blood diamonds

The truth behind conflict-free diamonds

One question that we frequently get asked is: “Are your diamonds conflict free?” Great question!

Today we want to share with you insights on the current industry standards, gaps in the current system and what you need to know before purchasing a diamond.

Current Industry Standard

Are our diamonds conflict free?

The truth is that we don’t always know. Actually, no one knows, unless you own the mine and control the entire mining, cutting and selling process. Infact according to Gemological Society of America (GIA), there is no scientific or technical way to tell where diamonds came from once they are cut.

Kimberley Process was introduced in the year 2000 with raising concerns of consumer boycott over the sale of diamonds to fund brutal civil wars in Angola and Sierra Leone. The adoption and implementation of the Kimberley Process reduced illegal trading of “blood diamonds” significantly. However the Kimberley Process is not fool-proof.

So should you boycott diamonds? No, not yet. That would be even more harmful to people who work for less than $1.25 a day, doing all the hard work to find the precious stones in the first place.

Gaps in the Current System

Critics point out that Kimberley Process does not account for unfair labor practices, human right abuses and environmental impact – something that you and I would both agree should be part of the conflict-free definition. The definition of conflict-free according to the Kimberley Process is extremely narrow – it only applies to gemstones used by rebel movements to finance wars against a legitimate government.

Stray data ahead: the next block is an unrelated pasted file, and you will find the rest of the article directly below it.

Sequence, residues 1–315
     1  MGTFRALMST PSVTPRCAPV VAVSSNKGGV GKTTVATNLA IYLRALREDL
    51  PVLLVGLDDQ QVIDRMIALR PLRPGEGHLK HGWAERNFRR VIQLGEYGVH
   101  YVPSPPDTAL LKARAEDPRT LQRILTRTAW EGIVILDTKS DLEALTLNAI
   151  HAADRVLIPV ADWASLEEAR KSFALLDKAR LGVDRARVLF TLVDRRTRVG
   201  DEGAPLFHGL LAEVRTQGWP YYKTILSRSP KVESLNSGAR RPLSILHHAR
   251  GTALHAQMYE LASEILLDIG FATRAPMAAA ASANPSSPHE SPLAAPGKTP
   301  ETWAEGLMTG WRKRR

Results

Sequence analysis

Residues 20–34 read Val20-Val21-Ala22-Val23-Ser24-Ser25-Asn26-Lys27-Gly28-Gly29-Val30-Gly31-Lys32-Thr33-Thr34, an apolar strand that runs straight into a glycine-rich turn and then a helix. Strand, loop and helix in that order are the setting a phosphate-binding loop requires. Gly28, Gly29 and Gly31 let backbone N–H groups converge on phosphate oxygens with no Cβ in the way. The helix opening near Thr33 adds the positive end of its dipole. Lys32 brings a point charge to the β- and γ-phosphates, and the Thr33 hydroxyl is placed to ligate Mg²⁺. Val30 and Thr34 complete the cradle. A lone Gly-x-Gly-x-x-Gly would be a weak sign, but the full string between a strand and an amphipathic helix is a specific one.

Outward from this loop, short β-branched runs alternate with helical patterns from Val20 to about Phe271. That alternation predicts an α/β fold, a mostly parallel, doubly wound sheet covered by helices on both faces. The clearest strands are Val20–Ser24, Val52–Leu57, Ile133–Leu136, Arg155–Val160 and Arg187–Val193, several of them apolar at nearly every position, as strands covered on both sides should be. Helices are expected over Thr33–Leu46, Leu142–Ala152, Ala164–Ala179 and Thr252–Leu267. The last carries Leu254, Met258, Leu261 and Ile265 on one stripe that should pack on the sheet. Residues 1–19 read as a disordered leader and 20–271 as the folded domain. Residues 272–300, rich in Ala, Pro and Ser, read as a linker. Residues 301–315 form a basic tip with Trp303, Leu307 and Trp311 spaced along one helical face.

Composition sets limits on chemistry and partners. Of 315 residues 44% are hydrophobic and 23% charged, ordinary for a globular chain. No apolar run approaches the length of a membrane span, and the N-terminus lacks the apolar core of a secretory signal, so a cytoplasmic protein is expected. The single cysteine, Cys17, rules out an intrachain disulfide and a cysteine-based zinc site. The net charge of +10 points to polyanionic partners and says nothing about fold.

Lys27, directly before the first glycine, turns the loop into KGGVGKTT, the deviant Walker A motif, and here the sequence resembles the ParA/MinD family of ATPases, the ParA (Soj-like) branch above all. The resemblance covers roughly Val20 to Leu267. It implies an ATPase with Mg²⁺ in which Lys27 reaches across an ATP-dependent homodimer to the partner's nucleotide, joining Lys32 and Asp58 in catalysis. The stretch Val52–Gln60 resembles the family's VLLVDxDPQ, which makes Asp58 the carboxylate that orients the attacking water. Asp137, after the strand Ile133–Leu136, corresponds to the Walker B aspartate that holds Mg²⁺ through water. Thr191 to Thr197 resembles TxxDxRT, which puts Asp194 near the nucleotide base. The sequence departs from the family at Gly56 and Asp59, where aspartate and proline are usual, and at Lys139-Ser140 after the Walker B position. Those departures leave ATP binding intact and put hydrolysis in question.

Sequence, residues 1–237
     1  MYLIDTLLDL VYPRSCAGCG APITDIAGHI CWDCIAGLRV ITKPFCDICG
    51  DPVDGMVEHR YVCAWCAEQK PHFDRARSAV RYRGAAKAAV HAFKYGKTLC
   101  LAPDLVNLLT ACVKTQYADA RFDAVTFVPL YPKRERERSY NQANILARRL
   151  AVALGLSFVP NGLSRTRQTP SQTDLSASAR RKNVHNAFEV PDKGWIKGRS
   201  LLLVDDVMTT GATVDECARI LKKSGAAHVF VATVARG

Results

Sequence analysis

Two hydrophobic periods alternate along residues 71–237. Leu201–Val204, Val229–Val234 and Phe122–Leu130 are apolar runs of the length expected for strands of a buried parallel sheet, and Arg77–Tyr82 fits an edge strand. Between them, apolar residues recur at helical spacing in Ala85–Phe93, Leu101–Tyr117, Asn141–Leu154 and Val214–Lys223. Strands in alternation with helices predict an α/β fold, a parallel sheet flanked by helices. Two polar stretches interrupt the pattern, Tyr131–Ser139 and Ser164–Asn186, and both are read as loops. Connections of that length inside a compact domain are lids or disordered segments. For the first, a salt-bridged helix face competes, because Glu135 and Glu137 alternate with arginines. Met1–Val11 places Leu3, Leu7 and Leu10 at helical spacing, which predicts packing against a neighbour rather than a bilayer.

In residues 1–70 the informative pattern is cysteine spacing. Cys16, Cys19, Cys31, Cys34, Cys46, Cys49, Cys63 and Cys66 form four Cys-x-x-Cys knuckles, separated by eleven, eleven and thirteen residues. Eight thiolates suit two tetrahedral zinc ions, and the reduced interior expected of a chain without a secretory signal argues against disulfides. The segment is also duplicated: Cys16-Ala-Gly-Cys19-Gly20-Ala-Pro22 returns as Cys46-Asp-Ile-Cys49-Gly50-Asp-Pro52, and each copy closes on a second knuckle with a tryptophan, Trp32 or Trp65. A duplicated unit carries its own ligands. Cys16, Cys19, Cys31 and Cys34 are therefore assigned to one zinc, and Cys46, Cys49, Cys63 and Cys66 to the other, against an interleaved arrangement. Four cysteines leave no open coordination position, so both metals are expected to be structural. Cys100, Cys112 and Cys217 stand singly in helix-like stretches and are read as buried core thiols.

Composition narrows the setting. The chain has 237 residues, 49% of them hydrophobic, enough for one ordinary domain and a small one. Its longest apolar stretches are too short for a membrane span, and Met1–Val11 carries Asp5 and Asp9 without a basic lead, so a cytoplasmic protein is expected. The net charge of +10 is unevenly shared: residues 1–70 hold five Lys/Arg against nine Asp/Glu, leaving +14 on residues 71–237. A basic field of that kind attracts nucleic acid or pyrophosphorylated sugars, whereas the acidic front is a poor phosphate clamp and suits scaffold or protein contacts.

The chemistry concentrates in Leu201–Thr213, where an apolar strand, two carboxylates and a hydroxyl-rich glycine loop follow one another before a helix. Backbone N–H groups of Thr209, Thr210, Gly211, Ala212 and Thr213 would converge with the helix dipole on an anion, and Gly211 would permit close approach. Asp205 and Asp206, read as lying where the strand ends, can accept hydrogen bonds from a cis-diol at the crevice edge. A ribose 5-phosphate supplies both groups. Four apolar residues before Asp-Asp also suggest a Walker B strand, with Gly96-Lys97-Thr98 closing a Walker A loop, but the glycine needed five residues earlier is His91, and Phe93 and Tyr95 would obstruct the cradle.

Dirty Diamonds_People In diamond mines

What You Need To Know Before Making A Diamond Purchase

1. Most jewelers don’t know the origin of natural diamonds as they sourced after being cut and polished

2. You are supporting the miners if you buy natural diamonds

    • By purchasing lab-made diamonds, you are negatively impacting the livelihood of the people who are hard at work at the mines in order to feed their families
    • Many consumers make the mistake of paying a lot of money for lab-made diamonds when they can cost half as much as natural diamonds. It’s true that lab-made diamonds are conflict-free but you shouldn’t be paying a premium price.

3. Ask your jeweler what they are doing to support fair-trade diamond certification movement

    • Even if your jeweler does not know the diamond origin, it would be helpful to know what steps your jeweler is taking to ensure the diamonds are sourced ethically
    • Does your jeweler support organizations such as Diamond Empowerment Fund and the World Diamond Council that advocate for a comprehensive, fair-trade approach towards diamonds? What do they know about the working conditions of the people who mine, cut or polish diamonds?

4. You can do your part in support of a fair-trade certification movement (similar to what we are seeing with coffee)

    • You can directly support organizations that are advocating for ethical diamond mining, polishing, cutting and selling practices. Such organizations include the Enough Project and Diamond Empowerment Fund 


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